Martin Luther King Jr. told us that “power at its best is love implementing the demands of justice, and justice at its best is power correcting everything that stands against love.” In other words, love is a powerful tool to create the change we want to see. Love is actionable. It is a force of social justice that brings us together and builds people power.
During the bus tour, we made sure to let people know that we wee not just here to register people to vote. We were also there to spread love. “We love you,” LaTosha Brown, the co-founder of Black Voters Matter, told the crowd at one stop. “And sometimes we don't hear that. We don't see that. We don't believe that. But we drove all the way down here to tell y'all we love you.” And we felt the love in return. At each stop, we were welcomed with big hugs and warm smiles. We didn’t know most of these people and most of us hadn't set foot in any of these towns before, but their love radiated all over and we instantly felt like a part of their community.
We want to create a world where people feel loved and cared for, especially those who have suffered under the prison system. Voting is an expression of love, an expression of caring for ourselves and others. And this fall Louisiana has a huge chance to completely change the political climate and elect people who really care about us. ALL 144 State Representatives and Senators, as well as the Governor, Attorney General and Secretary of State will be up for election on October 12. In order to vote, the deadline to register in person is September 11th, and the online registration deadline is September 21st.
If you (or anyone you know) are eligible to vote under the Act 636, this is your time to change the course of your future! You can still ‘hop on the bus’ by contacting us to help you register to vote, and making sure everyone you know is ready to vote this fall!
Due process of the law was written for the rich and fools the poor.
If you look into the judicial system you will find:
When a poor man commits a crime of violence he dies in a penitentiary,
But when a rich man commits the same crime they always set him free;
Now, America, it’s not hard to see, due process of law is in jeopardy.
It’s funny how due process of law has changed,
Or perhaps, it’s only dollars being rearranged.
The lawmakers of old placed their names ever so bold,
On a piece of paper so old for the rights that we hold,
But now, due process seems to be no more.
America, better wake up and try to make this country what it used to be,
For the rights that we lost were paid for at such a high cost.
What does it take to make you people understand?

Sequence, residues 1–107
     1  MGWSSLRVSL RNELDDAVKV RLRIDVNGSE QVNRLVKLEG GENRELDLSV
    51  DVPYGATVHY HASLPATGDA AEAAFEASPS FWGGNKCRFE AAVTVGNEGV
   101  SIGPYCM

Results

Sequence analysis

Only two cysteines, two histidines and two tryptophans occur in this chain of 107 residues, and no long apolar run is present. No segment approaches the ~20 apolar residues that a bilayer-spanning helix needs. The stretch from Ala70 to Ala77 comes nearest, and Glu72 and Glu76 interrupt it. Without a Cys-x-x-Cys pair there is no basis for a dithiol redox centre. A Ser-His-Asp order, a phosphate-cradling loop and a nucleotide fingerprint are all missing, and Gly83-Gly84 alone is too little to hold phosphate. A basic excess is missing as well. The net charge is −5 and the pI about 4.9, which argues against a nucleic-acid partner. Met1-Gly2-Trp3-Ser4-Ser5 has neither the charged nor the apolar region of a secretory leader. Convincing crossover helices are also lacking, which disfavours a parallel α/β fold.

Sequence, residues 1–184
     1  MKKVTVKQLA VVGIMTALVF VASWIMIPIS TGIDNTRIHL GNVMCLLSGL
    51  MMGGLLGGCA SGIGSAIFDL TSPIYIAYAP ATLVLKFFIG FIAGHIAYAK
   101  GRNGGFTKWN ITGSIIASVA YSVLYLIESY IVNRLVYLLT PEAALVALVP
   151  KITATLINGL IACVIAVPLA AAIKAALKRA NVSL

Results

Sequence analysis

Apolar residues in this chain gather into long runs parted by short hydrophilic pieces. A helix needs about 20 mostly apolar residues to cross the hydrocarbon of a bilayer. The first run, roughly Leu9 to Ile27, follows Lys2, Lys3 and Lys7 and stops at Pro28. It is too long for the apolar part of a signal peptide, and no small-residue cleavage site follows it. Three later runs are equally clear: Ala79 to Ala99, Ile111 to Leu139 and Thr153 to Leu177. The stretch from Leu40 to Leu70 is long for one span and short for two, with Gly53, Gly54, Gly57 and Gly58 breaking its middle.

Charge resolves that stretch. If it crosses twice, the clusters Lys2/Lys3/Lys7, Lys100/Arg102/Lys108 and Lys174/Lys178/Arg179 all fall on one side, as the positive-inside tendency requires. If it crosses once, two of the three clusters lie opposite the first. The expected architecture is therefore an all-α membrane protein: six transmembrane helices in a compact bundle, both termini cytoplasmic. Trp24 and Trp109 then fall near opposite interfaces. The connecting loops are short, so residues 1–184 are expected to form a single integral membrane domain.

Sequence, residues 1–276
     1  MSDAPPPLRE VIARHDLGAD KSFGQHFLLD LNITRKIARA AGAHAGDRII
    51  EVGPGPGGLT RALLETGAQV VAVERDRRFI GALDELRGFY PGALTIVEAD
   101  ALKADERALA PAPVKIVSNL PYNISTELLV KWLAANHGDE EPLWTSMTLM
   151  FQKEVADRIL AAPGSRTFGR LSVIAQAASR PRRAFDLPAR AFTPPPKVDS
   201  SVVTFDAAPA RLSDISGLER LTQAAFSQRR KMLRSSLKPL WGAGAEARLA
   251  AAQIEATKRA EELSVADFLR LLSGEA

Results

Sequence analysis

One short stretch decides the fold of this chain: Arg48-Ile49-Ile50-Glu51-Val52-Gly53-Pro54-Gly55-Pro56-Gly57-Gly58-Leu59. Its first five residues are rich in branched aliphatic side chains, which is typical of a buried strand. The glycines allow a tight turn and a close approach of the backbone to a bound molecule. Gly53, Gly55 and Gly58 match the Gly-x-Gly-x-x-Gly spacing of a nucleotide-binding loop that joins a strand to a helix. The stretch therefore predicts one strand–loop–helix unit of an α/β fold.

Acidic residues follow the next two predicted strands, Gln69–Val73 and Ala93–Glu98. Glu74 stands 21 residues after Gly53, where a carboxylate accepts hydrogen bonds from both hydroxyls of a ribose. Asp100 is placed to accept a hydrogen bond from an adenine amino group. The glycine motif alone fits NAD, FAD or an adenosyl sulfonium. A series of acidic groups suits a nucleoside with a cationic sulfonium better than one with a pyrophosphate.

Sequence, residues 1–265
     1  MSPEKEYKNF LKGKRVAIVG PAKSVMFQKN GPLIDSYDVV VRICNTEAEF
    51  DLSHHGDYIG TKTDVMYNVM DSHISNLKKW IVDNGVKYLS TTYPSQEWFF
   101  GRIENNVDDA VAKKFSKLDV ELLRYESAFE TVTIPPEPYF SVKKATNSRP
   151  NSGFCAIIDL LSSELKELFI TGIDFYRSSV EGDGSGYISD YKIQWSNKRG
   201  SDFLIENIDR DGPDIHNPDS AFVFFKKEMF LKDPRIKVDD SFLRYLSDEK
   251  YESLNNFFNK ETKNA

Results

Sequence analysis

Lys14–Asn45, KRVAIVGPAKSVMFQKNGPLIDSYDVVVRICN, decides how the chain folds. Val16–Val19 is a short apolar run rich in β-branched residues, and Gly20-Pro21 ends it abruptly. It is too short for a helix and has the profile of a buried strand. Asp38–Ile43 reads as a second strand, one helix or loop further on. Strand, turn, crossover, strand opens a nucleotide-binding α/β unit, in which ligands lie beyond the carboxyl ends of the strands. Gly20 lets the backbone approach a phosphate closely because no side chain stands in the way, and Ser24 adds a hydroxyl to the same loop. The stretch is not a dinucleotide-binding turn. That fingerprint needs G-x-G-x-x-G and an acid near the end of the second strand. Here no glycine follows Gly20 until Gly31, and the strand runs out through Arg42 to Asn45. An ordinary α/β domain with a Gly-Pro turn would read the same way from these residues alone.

A revolution in America is close at hand.
If you or someone you know is a currently or formerly incarcerated person with creative content to offer, please submit your materials to email@example.com and we'll be in touch! We'll share the content on social media and always give credit to the artist(s) involved. Any type of submission--whether stories, poems, illustrations, music, videos or something else--are welcome! Drew Pizzo is currently incarcerated at Rayburn Correctional Center.
On June 19, Fox Rich (left), a formerly incarcerated woman turned freedom fighter, delivered some real talk to a large crowd that had gathered to celebrate Juneteenth, the day commemorating the emancipation of slaves in the former Confederate States of America. “We’re free, and we’re still not free,” she said, alluding to the 6.6 million people who are currently being controlled under slavery’s modern sibling: mass incarceration. Her words are spot on, as anyone who is fighting for the end of the criminal (in)justice system can tell you that it is a world full of contradictions. While we may be free of physical shackles, we are not always free in our minds. While we may have been released from prison gates, there are so many others who are still behind bars. If we believe that our liberation is intertwined, that we cannot be free until the other is, then it is true that we are both free and unfree at the same time. Luckily, our network is full of leaders who have been directly impacted by mass incarceration and are fired up and ready to go. Though the list of freedom fighters in our movement is long, for this Independence Day we’re focusing on the leadership and visions of Fox (FR) of Rich Family Ministries, Mike Biggs (MB), who is the new National Organizer of the Formerly Incarcerated Convicted Peoples and Families’ Movement, and our Lafayette Chapter Organizer Consuela Gaines (CG).
VOTE: How are you feeling today?
CG: Great, because I’m living my purpose, and not very many people can say that honestly. For many years I used to pray, asking what I was born for, and then my purpose was born out of my pain, my struggle, my incarceration, my separation from my family and society.
I actually knew my purpose was to help other formerly incarcerated people (FIP) before I even got out, I just didn’t know how I was going to do it. A few months later I met VOTE’s New Orleans Chapter Organizer Robert Goodman, and from that point on I’ve been living my purpose every day. I am so excited for the voter registration tour we’re doing with Black Voters Matter, because I know how much power is in our vote.